The Science of EFT Therapy
Despite the fact that EFT Therapy has been met with skepticism (and criticism), there is science to back it up.
While some psychologists and doctors are quick to write it off, there is evidence from both patients and practitioners of EFT Therapy who say otherwise.
While it’s easy to write off anecdotal evidence (even if there is a lot of it), it isn’t quite as simple to ignore the scientific research that supports EFT Therapy.
Yes, in the last decade there has been an increase in research into the subject and it’s undeniable at this point.
With EFT Therapy, you can achieve significant improvement and lasting and real healing.
Harvard Medical School is just one institution to have researched the therapy technique. What they found was that by stimulating those meridian points you can relieve the fear and stress response from the brain.
This particular study:
(The salient characteristics of the central effects of acupuncture needling: limbic-paralimbic-neocortical network modulation; Fang et al)
dealt specifically with acupuncture, but as we know, EFT Therapy is acupuncture, but without the needles. The point is that tapping provides a similar response as acupuncture.
Other studies have completed double-blind research that stimulated the points without the use of needles and got similar results. A study from Corpus Christ Independent School District found that EFT Therapy is effective in treating phobias (https://www.ncbi.nlm.nih.gov/pubmed/21571234).
According to a study from the National Institute For Integrative Healthcare, EFT Therapy is effective for treating PTSD
(The Manual Stimulation of Acupuncture Points in the Treatment of Post-Traumatic Stress Disorder: A Review of Clinical Emotional Freedom Techniques; Church, et al).
This team carried out a controlled trial to discover how 83 subjects would respond to hour-long EFT Therapy sessions.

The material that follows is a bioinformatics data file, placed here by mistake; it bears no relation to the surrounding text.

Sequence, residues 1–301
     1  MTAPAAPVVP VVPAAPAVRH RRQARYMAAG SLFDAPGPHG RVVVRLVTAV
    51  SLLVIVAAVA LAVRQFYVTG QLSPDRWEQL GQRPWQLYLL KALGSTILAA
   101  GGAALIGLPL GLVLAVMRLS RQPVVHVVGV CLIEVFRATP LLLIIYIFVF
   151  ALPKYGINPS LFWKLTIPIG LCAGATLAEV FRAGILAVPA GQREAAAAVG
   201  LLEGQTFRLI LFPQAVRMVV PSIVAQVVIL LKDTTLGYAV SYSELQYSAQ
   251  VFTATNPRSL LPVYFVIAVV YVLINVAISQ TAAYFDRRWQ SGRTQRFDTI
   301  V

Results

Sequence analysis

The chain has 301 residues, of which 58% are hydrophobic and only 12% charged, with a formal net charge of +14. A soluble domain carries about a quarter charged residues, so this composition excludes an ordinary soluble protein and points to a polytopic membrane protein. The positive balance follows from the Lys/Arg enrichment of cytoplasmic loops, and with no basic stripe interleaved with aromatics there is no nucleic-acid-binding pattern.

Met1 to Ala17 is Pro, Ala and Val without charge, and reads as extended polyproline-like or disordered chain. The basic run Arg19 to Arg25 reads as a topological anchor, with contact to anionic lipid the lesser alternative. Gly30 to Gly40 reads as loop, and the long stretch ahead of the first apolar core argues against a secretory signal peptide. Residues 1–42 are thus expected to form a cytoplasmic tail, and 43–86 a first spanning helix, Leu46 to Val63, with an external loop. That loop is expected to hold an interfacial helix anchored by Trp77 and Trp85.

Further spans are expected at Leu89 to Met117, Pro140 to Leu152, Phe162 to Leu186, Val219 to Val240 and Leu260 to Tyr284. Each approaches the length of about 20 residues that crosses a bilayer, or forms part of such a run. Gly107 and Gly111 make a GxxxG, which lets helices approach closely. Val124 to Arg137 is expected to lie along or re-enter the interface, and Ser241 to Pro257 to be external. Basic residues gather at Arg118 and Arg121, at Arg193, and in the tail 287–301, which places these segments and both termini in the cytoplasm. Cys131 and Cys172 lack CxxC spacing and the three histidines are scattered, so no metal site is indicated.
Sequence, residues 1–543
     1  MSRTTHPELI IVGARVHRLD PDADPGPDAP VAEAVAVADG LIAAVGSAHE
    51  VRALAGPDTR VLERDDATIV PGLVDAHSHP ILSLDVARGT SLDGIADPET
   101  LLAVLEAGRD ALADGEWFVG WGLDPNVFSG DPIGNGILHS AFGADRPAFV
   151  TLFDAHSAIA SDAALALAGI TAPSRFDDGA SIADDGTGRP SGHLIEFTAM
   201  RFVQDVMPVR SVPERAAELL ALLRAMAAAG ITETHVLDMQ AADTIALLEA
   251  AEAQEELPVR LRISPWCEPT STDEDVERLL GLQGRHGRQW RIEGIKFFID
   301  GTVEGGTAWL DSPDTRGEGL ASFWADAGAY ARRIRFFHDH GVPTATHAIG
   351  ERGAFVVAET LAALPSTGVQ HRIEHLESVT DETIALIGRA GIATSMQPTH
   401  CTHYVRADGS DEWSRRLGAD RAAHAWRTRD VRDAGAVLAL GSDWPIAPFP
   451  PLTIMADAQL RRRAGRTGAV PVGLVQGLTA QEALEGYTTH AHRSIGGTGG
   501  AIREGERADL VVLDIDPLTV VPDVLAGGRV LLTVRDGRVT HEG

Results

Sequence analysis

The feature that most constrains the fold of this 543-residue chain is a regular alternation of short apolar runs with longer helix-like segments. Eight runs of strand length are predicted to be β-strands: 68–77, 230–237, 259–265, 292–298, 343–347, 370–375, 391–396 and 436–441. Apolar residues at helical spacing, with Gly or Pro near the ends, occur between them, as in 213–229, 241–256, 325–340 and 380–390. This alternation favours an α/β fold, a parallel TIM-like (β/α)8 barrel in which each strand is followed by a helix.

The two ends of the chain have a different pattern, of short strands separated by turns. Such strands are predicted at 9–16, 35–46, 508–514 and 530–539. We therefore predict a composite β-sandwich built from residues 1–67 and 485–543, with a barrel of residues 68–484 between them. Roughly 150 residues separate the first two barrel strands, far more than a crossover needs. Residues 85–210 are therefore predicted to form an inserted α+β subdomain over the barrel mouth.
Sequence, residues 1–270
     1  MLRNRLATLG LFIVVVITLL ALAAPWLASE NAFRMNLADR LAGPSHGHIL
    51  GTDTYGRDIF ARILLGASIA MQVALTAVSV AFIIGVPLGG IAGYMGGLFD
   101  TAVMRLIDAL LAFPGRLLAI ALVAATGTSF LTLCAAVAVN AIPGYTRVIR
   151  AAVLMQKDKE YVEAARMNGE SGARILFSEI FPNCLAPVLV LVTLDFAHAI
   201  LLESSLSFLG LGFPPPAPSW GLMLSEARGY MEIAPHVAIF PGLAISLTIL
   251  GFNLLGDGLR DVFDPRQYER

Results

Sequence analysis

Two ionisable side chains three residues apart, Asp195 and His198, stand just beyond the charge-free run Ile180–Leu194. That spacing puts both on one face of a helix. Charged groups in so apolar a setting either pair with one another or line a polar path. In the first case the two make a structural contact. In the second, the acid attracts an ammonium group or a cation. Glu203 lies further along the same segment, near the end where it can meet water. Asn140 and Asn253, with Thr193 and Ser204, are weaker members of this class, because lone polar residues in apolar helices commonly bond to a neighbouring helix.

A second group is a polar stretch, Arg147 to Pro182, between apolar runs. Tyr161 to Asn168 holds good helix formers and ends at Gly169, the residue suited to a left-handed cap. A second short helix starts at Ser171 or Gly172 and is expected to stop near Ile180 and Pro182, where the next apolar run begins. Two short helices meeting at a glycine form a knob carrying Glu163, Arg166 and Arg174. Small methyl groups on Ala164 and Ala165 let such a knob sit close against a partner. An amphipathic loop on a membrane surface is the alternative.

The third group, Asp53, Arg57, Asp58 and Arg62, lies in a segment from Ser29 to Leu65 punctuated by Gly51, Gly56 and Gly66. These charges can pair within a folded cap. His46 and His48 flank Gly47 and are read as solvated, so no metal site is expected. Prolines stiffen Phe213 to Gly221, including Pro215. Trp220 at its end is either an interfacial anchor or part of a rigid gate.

The researchers measured cortisol (the stress hormone) levels and found that on average, cortisol levels dropped 24%.
Some subjects, though, experienced a dip of as much as 50%. For the control group who instead enjoyed an hour-long talk therapy session, there was no significant change in cortisol levels.
Additionally, Dr. Church created a project to teach PTSD sufferers how to tap for themselves. For these war veterans, it took just six sessions to decrease their symptoms by 63% (on average).
This research is incredibly exciting and shows that science backs up EFT therapy.
The History of EFT Therapy
The year was 1980, and psychologist Roger Callahan was treating a patient with a phobia of water. The patient, Mary, had an extreme fear. She couldn’t go to the beach with her children or even drive close to the ocean.
She felt anxious when it was raining, couldn’t look at water on the television, and had nightmares about water.
Dr. Callahan had been working with Mary for over a year and eventually, Mary was able to sit within view of Dr. Callahan’s pool.
However, it still left her extremely distressed. While she found different ways to cope with the fear, she was unable to overcome the phobia itself. They discussed the problem at length but could not overcome it.
The fear that she experienced manifested in physical symptoms like stomach pains. Meanwhile, Dr. Callahan had discovered meridians as he had been looking into Traditional Chinese Medicine.
This inspired him to look into the different meridians and he encouraged Mary to tap on the stomach meridian (which is on the cheekbone).
He thought that this might help to relieve the stomach pains that she was experiencing.
So, she did and not only did her stomach pains disappear, so did the water phobia. Immediately, she was able to go to the pool and splash water on herself.
This is where it all started, Dr. Callahan termed it as Thought Field Therapy. It was Gary Craig, who trained under Dr. Callahan during the 1990s, that took the practice, evolved it, and renamed it as EFT Therapy.
The reason for this is that Craig found a variety of issues with TFT. For example, practitioners had to tap meridians in a specific sequence for different problems.
Additionally, to diagnose the issue something called muscle testing was required. The practitioner would measure muscle strength as the patient cycled through various statements and thoughts.
As Craig noted, this led to many incorrect diagnoses which meant the wrong sequence of tapping would be used. Yet, it still worked. This made Craig realize that the sequence didn’t matter.
Ultimately, EFT Therapy is a simplified version of TFT. It is this that has allowed so many more people to enjoy the relief that comes with tapping.